Be Prepared!

As obvious as that sounds, you should have a clear plan for what repertoire you plan to play, Your admission audition for any school should be prepared much like you would prepare a public performance.

Play for Others

Plan ahead so that you can play your audition material for as many people as possible before the audition. These could be your friends, teachers, parents or anyone else who can spare 10-15 minutes to hear you run through your repertoire. Getting used to playing with others present will make your audition or performance experience feel comfortable.

Know the Music!

Sounds obvious, but here this means knowing the meanings of all the terms and symbols in the printed music, checking your tempo against the metronome marking if provided, and having a clear sense of what the accompaniment sounds like, even if you will be unaccompanied at the audition.

Come and See Me!

I am always happy to see prospective students before their audition for a "sample" lesson so we can talk about your playing, your audition material, and get to know one another a bit better. Many teachers at colleges and universities make a similar offer, so take advantage of it whenever possible.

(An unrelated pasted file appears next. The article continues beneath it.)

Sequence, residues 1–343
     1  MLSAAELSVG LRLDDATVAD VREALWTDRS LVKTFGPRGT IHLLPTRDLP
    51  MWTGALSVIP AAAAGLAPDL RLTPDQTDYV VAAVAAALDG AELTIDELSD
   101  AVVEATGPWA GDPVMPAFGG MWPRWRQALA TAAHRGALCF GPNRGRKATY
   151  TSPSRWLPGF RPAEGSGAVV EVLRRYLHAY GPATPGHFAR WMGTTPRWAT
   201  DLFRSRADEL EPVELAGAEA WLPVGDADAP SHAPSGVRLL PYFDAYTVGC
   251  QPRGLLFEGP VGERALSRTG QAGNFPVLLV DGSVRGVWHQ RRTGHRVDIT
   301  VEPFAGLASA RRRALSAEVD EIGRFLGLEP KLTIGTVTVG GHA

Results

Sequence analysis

Get Plenty of Rest

No one performs their best when tired, so plan to get sufficient sleep before the audition.

Don't Leave Your Best in the Practice Room!

At the audition day plan on a moderate warm-up and avoid the temptation to blast through your audition material multiple times before you are called to the audition room. At our auditions, we always allow players to play a few notes before they begin to get comfortable with the sound of the room, so take advantage of the opportunity.

Play Without Self-Judgment

Before you begin to play your audition, give yourself permission to play freely and to trust your thorough preparation to carry you through. An audition committee (or an audience) always wants to hear your best, so focus on giving them your best rather than worrying over mistakes you can't take back.

Be Prepared to Talk

At UD, we frequently ask candidates about themselves, their educational or career goals, or about performance experiences that have been special to them. This is a great opportunity to share why a music degree is important to you, and to point out any other information that might help the committee reach an admissions decision.